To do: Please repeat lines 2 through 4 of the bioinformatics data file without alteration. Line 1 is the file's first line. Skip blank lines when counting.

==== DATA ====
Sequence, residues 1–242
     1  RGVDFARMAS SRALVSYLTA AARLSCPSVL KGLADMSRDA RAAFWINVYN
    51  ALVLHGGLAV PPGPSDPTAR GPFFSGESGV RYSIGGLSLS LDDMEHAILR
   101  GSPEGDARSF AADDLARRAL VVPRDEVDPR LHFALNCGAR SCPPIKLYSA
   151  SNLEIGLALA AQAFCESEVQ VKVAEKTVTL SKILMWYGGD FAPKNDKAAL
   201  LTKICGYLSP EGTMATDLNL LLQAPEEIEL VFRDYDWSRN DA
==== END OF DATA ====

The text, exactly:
     1  RGVDFARMAS SRALVSYLTA AARLSCPSVL KGLADMSRDA RAAFWINVYN
    51  ALVLHGGLAV PPGPSDPTAR GPFFSGESGV RYSIGGLSLS LDDMEHAILR
   101  GSPEGDARSF AADDLARRAL VVPRDEVDPR LHFALNCGAR SCPPIKLYSA